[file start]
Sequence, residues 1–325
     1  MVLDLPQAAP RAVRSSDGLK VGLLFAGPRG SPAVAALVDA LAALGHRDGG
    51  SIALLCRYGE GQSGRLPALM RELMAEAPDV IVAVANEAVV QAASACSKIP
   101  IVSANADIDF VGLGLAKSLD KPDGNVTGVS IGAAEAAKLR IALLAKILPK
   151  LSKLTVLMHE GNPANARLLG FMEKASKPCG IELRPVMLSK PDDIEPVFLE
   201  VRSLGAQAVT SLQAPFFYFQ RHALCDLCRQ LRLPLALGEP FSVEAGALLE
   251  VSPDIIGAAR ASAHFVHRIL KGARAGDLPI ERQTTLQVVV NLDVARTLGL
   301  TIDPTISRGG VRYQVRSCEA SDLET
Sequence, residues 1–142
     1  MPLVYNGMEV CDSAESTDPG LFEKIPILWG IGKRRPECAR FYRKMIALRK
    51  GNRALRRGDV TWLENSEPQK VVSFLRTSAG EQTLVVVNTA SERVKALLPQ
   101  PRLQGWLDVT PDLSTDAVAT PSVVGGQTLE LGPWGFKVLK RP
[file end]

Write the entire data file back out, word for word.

Sequence, residues 1–325
     1  MVLDLPQAAP RAVRSSDGLK VGLLFAGPRG SPAVAALVDA LAALGHRDGG
    51  SIALLCRYGE GQSGRLPALM RELMAEAPDV IVAVANEAVV QAASACSKIP
   101  IVSANADIDF VGLGLAKSLD KPDGNVTGVS IGAAEAAKLR IALLAKILPK
   151  LSKLTVLMHE GNPANARLLG FMEKASKPCG IELRPVMLSK PDDIEPVFLE
   201  VRSLGAQAVT SLQAPFFYFQ RHALCDLCRQ LRLPLALGEP FSVEAGALLE
   251  VSPDIIGAAR ASAHFVHRIL KGARAGDLPI ERQTTLQVVV NLDVARTLGL
   301  TIDPTISRGG VRYQVRSCEA SDLET
Sequence, residues 1–142
     1  MPLVYNGMEV CDSAESTDPG LFEKIPILWG IGKRRPECAR FYRKMIALRK
    51  GNRALRRGDV TWLENSEPQK VVSFLRTSAG EQTLVVVNTA SERVKALLPQ
   101  PRLQGWLDVT PDLSTDAVAT PSVVGGQTLE LGPWGFKVLK RP